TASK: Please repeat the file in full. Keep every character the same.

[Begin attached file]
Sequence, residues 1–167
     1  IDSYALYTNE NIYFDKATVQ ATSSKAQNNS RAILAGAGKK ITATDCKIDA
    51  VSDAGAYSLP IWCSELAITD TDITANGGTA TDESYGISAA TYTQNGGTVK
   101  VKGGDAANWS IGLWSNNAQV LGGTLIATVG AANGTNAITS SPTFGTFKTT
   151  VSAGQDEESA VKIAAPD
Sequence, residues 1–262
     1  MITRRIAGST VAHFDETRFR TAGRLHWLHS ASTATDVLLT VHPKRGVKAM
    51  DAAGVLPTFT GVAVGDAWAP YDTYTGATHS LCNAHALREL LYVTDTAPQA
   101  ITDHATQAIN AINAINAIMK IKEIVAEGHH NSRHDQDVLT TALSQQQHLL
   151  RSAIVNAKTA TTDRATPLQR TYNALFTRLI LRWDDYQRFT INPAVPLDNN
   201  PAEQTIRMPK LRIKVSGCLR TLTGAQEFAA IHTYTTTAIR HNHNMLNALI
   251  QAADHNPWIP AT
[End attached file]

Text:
Sequence, residues 1–167
     1  IDSYALYTNE NIYFDKATVQ ATSSKAQNNS RAILAGAGKK ITATDCKIDA
    51  VSDAGAYSLP IWCSELAITD TDITANGGTA TDESYGISAA TYTQNGGTVK
   101  VKGGDAANWS IGLWSNNAQV LGGTLIATVG AANGTNAITS SPTFGTFKTT
   151  VSAGQDEESA VKIAAPD
Sequence, residues 1–262
     1  MITRRIAGST VAHFDETRFR TAGRLHWLHS ASTATDVLLT VHPKRGVKAM
    51  DAAGVLPTFT GVAVGDAWAP YDTYTGATHS LCNAHALREL LYVTDTAPQA
   101  ITDHATQAIN AINAINAIMK IKEIVAEGHH NSRHDQDVLT TALSQQQHLL
   151  RSAIVNAKTA TTDRATPLQR TYNALFTRLI LRWDDYQRFT INPAVPLDNN
   201  PAEQTIRMPK LRIKVSGCLR TLTGAQEFAA IHTYTTTAIR HNHNMLNALI
   251  QAADHNPWIP AT